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    @sixtyfootersdude: Sorry, once again there was minor error. All of the match commands have to instead be "syntax match" commands. So instead of [ :match MyQuestions /.*Question.*/ ] you would want to use [ :syntax match MyQuestions /.*Question.*/ ]. That lets you have as many different matches as you want. These are in fact one of the most common types of commands placed in syntax files. But you can execute them anywhere you want, either command line, vimrc, or any other scripts. – user22303 Feb 18 '10 at 16:23
  • Adding syntax infront of match... in my vimrc file makes match have no effect at all. Is this where I should be doing this. Doing it to an open file also has no effect. – sixtyfootersdude Feb 18 '10 at 18:06
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    @sixtyfooters: Not sure what's happening for you, but that's definitely the way to do it. Test at command line before placing in a script (it's possible syntax settings are getting cleared somewhere in other scripts that are loaded for your file). Once defined, check what groups exist and what highlighting they have by issuing a bare ":highlight" command (or choosing "Syntax", "Highlight test" from gui menu in gvim). Remember you want to use highlight command first to create group, then use 'syntax match' to set match pattern. – user22303 Feb 18 '10 at 19:02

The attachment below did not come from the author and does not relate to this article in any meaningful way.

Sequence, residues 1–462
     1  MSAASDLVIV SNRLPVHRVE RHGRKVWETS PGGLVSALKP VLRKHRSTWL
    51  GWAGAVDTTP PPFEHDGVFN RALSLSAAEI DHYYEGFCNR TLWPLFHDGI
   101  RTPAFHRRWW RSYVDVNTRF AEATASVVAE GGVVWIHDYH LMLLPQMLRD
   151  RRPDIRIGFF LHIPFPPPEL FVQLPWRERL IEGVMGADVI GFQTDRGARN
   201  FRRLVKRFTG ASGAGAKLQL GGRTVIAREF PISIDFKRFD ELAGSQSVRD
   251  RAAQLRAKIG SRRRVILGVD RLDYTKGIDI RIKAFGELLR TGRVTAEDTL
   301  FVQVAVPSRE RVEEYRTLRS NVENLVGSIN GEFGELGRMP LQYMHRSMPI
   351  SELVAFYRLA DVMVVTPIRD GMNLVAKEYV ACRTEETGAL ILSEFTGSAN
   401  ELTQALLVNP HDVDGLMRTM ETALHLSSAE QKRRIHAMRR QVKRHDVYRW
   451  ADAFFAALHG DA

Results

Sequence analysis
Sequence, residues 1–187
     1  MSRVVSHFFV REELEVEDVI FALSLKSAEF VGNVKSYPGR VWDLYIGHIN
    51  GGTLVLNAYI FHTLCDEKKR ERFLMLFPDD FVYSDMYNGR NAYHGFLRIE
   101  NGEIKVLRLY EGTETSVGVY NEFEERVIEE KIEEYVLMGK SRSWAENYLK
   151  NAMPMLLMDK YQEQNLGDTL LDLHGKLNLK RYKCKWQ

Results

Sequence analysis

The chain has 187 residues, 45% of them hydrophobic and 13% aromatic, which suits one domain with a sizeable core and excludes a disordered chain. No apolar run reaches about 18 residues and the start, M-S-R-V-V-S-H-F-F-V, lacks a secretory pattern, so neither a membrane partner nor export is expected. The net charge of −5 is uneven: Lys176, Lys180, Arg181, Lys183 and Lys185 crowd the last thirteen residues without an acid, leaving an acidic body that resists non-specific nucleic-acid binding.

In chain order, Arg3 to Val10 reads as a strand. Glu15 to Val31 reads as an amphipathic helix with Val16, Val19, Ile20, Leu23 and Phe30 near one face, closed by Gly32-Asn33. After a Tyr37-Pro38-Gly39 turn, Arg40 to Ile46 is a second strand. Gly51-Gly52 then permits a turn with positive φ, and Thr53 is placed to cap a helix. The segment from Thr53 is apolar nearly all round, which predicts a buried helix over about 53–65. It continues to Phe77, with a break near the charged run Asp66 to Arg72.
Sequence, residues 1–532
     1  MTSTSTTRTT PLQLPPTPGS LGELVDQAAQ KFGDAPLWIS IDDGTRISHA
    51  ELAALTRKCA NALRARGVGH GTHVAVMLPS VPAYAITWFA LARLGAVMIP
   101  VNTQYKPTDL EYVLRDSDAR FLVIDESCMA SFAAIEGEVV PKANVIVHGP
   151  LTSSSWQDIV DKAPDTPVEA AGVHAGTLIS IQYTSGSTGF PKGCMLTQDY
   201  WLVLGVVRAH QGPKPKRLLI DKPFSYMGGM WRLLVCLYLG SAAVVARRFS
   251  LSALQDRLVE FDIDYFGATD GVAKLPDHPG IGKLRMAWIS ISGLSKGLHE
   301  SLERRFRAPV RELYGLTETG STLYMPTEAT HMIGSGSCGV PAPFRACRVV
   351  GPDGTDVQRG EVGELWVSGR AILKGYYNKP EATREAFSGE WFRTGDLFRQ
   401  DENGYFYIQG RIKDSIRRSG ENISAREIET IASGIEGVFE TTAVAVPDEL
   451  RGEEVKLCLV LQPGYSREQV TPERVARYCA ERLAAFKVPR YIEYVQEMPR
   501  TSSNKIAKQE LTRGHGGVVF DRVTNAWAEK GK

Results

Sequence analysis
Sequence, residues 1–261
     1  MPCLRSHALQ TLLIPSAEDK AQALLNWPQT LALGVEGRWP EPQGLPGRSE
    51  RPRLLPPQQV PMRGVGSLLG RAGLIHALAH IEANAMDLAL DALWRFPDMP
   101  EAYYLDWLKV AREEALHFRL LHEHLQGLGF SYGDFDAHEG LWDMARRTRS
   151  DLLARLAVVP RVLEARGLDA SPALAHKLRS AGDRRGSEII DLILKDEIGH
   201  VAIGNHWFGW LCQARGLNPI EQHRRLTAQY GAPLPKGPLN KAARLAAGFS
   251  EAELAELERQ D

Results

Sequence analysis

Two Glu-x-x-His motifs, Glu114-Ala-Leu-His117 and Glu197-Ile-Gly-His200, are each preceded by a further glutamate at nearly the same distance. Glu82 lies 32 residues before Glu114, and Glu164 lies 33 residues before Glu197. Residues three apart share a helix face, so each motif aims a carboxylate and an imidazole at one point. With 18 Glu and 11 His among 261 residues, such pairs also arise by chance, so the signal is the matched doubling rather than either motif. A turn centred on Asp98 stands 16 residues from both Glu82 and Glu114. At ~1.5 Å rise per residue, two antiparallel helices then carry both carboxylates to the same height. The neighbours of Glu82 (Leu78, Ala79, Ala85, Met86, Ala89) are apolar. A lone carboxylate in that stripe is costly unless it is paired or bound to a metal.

• @sixtyfooters: I'm assuming you're running vim in a terminal (i.e., not gvim) so that setting the term properties only should work. It sounds to me like the syntax commands are getting cleared when a new file is loaded and an associated syntax file is running and clearing out all previous syntax commands. So just to double-check, when using command line are you re-entering these commands every time you load a file? I think you could try testing with text in new buffer that isn't even saved and doesn't even have a filename assigned yet. – user22303 Feb 19 '10 at 17:59

The file you are looking for is a 'syntax' file. Try looking in /usr/local/share/vim/syntax/ or /usr/share/vim/syntax/. The file you want is xml.vim.

The simplest thing to do is find the line that has

syn keyword xmlTodo         contained TODO FIXME XXX

and change it to:

syn keyword xmlTodo         contained TODO FIXME XXX Question

This will add the 'Todo' highlight to any comment containing the text Question.